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Where the INC Manifesto went wrong

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Divyanshu Singh
Divyanshu Singh
Amateur learner| Interests range from Politics, Economics, History among others|Follow @real_divyanshu for more content!

The much vocal and “awaited” manifesto for the Grand Old Party had come out recently (Find it here).  

With some sense of current affairs and common sense (which the Drafting Commission seemed to lack in parts) one can easily observe huge disparities and logical errors.

While the AFSPA dilution and Sedetion removal received much attention, many fallacies didn’t the deserved attention.

INC On Judiciary

For starters, Congress had some specific plans for the Judiciary. Little did they think outside some fake poll promises.

Learned, independent and upright judges are the core of the judiciary. Congress promises to establish a National Judicial Council (NJC) that will be responsible for selection of judges for  appointment to the High Courts and the Supreme  Court. The NJC will be comprised of judges, jurists and parliamentarians and will be serviced by a secretariat. Names of suitable candidates will be placed in the public domain and the reasons for  selection will be published to ensure that the entire process is transparent. Once the new system is in place, we will endeavour to fill every vacancy in the High Courts or Supreme Court within 2 months.

They had promptly forgotten that a similar step had been taken in 2014 where a National Judicial Appointments Commission (NJAC) and was held unconstitutional. The SC reasoned that the NJAC had the interference of the Government and Parliament which is against the principles of the working of the judiciary. The so called “NJC” is just a similar gimmick, it has a precedent to be scrapped easily.

Next, the Manifesto says further,

Congress promises to fix the retirement age of judges of High Courts and the Supreme Court at
65 years.

This is clearly promising what is already existing- Congress seems to be devoid of Civics 101. The retirement age is already 65 for HC and SC judges. More info here.

INC on “Corruption”

INC seemingly promised some steps as follows:

Congress will cause to be investigated several deals entered into by the BJP Government in the last 5 years and, in particular, the Rafale deal.

This is clearly ignoring and disrespecting the Supreme Court’s decision, or even the CAG report on the Rafale Deal!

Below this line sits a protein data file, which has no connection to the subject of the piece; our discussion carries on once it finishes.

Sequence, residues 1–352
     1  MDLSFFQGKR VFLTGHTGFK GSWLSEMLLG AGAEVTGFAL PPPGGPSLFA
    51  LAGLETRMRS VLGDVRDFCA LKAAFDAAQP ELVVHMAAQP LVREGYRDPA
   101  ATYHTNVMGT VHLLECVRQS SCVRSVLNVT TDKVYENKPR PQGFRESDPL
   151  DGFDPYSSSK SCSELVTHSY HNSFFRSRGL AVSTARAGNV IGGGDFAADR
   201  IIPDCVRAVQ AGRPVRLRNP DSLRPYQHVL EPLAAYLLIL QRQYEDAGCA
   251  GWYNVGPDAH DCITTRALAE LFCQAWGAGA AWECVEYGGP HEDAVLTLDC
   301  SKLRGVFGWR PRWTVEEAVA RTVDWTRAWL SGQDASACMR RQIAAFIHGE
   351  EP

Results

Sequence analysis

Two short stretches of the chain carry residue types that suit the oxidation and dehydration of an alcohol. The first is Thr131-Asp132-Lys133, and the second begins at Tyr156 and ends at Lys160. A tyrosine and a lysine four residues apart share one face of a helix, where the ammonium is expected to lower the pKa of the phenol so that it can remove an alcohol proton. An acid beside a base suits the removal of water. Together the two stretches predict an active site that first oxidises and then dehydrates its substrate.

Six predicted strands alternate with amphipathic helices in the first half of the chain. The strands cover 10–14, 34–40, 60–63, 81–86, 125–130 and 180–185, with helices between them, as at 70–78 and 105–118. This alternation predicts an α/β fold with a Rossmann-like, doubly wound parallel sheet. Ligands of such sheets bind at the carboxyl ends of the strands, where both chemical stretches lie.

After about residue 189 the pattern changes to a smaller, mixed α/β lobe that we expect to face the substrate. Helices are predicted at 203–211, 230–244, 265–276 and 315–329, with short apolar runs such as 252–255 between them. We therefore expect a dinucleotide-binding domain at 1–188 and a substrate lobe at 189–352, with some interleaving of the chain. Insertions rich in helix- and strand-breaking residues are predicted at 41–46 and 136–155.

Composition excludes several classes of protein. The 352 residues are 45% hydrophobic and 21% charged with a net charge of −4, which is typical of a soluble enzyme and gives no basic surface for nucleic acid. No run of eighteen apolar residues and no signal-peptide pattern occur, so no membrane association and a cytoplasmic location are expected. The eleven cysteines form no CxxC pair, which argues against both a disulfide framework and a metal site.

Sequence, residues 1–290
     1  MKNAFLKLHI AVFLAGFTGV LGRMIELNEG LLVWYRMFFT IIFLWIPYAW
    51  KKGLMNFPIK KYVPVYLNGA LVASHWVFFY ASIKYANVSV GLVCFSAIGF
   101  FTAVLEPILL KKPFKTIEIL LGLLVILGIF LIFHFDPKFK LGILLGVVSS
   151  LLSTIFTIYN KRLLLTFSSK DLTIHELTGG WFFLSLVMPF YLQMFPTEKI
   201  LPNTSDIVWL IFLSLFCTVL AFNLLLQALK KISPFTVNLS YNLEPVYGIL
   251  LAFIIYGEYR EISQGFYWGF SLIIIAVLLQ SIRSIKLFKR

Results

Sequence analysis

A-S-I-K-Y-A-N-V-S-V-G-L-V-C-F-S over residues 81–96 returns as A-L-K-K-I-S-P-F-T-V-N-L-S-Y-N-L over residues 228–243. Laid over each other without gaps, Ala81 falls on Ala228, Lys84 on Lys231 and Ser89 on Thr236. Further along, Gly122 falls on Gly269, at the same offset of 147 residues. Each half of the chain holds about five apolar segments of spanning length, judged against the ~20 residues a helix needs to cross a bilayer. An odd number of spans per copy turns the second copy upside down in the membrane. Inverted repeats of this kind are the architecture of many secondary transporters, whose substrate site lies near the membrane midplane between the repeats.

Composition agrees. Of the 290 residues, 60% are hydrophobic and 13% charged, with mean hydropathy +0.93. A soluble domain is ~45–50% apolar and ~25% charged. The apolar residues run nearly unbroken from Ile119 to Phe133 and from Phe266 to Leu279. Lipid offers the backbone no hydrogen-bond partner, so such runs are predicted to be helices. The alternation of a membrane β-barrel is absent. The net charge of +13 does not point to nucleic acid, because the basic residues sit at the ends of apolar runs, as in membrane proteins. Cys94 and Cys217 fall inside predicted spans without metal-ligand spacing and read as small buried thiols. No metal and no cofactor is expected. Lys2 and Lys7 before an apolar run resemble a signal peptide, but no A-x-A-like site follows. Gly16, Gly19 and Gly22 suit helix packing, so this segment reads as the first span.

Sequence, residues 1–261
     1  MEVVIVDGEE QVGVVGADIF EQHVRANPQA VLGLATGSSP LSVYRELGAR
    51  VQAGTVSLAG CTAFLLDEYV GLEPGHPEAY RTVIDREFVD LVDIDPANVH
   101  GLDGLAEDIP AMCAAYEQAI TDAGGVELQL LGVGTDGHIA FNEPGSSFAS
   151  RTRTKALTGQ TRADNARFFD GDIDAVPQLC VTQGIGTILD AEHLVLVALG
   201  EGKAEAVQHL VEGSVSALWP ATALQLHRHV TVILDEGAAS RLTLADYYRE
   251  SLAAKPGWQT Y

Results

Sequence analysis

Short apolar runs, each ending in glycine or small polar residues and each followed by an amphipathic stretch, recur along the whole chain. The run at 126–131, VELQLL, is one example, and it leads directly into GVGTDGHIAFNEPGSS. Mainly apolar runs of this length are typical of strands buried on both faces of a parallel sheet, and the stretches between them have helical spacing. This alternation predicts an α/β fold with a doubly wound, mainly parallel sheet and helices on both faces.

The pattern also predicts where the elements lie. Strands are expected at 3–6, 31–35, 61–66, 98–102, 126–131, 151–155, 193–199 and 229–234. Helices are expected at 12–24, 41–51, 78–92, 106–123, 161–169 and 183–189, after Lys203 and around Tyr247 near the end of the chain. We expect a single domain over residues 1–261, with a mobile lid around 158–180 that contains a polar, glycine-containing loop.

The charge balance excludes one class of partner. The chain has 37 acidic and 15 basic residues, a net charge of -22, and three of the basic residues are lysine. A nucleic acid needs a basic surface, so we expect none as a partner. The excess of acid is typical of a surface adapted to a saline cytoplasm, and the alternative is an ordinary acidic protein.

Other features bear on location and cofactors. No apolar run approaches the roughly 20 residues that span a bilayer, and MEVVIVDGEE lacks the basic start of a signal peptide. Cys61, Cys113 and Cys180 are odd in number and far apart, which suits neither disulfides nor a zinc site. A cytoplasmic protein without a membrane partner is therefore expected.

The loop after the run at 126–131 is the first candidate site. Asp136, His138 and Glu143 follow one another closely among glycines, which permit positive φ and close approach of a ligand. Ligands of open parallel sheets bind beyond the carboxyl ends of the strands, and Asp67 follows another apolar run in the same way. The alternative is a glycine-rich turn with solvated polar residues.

INC on Press

Congress may have surprised Lutyens Delhi by the following promises:

Congress will amend the Press Council of India Act to empower the Council to deal with the menace of fake news and paid news.

Along with promising a “Code of Conduct” dealing with controlling of press during specific situations. While sometimes necessary, Press Censorship during the Dhulagar incident was just a way to cover up the government’s wrongdoings. More info here.

This attempt at press censorship is a bad and villanous step towards suspension of free speech and press.

INC on Economics

While promising a fiscally dangerous scheme for income without work, the manifesto ironically mentions about the fiscal targets of theirs.

Congress promises to achieve the target of 3 per cent of GDP by 2020-21 and remain under that limit. The revenue deficit will be contained, as far as possible, under 1 per cent of GDP.

The NYAY Scheme is believed to constitute 13% of the annual Union budget and many economists project that if implemented, the fiscal deficit would skyrocket, in spite of Congress’s claims.

On the RBI, Congress promises:

…to reverse the unwarranted and illegal interference by the BJP government into the functioning of the RBI.

Ironically, they also make sure that:

…the Governor shall periodically render an account to a committee of Parliament promises that the government will work closely with the RBI to ensure that fiscal policy and monetary policy are aligned to achieve the common goal of growth with price stability.

Which is clearly the opposite of what they claim a few sentences back: They want to maintain RBI’s autonomy while “working closely” or in other words, interfering in its policy making.

Also, the RBI uses it’s own Press Releases to render accounts and is not bound under law to render the same to any Parliamentary Committee.

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Divyanshu Singh
Divyanshu Singh
Amateur learner| Interests range from Politics, Economics, History among others|Follow @real_divyanshu for more content!
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